Don't Let Up on Iran

Israel cannot allow expressions of sympathy to suffice when it faces an enemy threatening to destroy it and aiming to arm itself with the means necessary to do so.

The effort to stop the "Iranian bomb" took on extra importance in the wake of the call by Iran's president, Mahmoud Ahmadinejad, to "wipe Israel off the map." The radical comment clarified the severity of the threat facing Israel and generated worldwide condemnation. But Israel cannot allow expressions of sympathy to suffice when it faces an enemy threatening to destroy it and aiming to arm itself with the means necessary to do so.

In the last year, there has been heightened international awareness of the increasing danger from Iran, and Western countries have carried out a pressure campaign on Tehran in an effort to keep it from enriching uranium, which could be used to create nuclear weapons. The negotiations led to the signing of a suspension agreement a year ago, but Iran did not meet the conditions. Over the weekend, Tehran rejected an additional compromise, whereby its uranium would be transferred to Russia for enrichment. The rulers of Iran stand by their "right," anchored in international agreements, to enrich uranium within the borders of their country.

Now the time has come for another decision. The International Atomic Energy Agency board of governors is to meet again next Thursday to discuss turning the Iran matter over to the UN Security Council, which can impose sanctions. Russia is persistent in its opposition to this and insists that diplomacy be given another chance. Russia rejects Israel's assessment that Iran is approaching the "point of no return," in which it will be able to produce the fissionable matter on its own and attain nuclear capability.

Prime Minister Ariel Sharon has decided to keep a low profile and leave the United States and its European friends to deal with the Iranian threat. Sharon is concerned that placing Israel on the front lines of the struggle will transform it into a direct confrontation with Iran and will give the Europeans a comfortable excuse to stop intervening. Israel is therefore satisfied with the quiet strengthening of its deterrent power and with talks with the Americans, Europeans and Russians. This position makes sense, but we must not allow it to be understood as silent agreement to pointless diplomatic efforts. It's important for Israel to make it clear that time is running out and that diplomacy must have a clear and final target date.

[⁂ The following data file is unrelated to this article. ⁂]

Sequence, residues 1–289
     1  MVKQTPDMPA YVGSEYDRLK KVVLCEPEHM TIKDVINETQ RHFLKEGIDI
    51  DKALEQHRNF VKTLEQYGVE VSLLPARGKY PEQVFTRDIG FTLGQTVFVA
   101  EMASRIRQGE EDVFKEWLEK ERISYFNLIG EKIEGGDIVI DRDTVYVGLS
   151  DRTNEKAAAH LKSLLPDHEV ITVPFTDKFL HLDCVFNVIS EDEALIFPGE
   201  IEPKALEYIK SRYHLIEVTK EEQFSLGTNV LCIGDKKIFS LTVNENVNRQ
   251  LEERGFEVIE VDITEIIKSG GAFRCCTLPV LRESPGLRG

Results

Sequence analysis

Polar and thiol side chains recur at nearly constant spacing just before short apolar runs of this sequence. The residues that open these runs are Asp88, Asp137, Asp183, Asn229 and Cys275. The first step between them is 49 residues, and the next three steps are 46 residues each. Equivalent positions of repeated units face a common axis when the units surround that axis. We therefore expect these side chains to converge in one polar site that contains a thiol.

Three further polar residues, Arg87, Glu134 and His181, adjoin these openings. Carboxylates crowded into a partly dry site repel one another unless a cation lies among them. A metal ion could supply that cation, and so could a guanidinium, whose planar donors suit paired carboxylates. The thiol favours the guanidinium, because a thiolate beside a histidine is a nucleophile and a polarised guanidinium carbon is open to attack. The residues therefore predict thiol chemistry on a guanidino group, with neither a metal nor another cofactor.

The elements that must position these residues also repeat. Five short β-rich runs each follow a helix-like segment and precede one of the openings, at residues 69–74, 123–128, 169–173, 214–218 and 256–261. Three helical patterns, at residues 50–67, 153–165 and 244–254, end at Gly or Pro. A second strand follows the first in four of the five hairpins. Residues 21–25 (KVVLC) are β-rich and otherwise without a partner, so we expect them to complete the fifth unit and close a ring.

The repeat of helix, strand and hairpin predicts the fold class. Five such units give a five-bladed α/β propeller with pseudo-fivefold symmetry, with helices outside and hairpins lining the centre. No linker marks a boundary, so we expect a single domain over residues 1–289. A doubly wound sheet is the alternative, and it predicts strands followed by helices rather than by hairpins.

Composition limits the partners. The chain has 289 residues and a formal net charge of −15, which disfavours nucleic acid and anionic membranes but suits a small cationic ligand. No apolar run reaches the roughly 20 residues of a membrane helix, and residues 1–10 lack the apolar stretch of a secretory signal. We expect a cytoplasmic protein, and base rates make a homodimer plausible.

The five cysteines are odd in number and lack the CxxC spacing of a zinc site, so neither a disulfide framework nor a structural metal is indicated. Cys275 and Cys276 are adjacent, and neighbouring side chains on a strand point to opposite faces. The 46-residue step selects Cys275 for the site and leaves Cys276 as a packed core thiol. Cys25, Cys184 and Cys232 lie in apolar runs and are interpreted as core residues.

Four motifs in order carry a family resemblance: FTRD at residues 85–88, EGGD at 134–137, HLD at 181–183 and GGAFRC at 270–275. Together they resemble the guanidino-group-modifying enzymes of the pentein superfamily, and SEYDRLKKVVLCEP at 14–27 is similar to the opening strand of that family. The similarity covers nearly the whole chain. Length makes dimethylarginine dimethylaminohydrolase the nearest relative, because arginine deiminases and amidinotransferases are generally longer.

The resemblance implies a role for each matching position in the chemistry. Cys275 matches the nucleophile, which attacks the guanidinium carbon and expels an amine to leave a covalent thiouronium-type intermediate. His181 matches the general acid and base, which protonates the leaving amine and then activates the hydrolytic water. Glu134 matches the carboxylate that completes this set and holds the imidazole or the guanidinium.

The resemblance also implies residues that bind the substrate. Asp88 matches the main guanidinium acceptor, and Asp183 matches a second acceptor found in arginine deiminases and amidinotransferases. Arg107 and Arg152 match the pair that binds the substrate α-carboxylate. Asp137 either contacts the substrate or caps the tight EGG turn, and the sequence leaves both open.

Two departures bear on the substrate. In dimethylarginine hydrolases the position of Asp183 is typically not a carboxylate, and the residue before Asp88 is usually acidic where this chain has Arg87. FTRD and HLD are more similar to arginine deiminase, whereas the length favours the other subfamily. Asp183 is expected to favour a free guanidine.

Former U.S. president Bill Clinton reinforced this approach in the comments he made during his visit to Jerusalem. Clinton said diplomatic efforts cannot continue forever, and that they must be strengthened and lead to the imposition of sanctions on Iran, even if it is difficult to influence such a strong and oil-rich country in such a manner. He also discussed the possibility of a military strike on the Iranian nuclear facilities, and did not reject such an option, despite his assessment that the target is a far more complicated military challenge than either the Israeli bombing of the Iraqi reactor in 1981 or the U.S. Army's capture of Iraq.

Iran today feels strong in light of the increase in oil prices and the political difficulties the American and French leaders have encountered. There's no doubt that in such circumstances it will be more difficult to pressure Tehran, but we must not stop trying. The Iranian bomb must be stopped before it becomes operational and fundamentally changes the balance of power in the Middle East.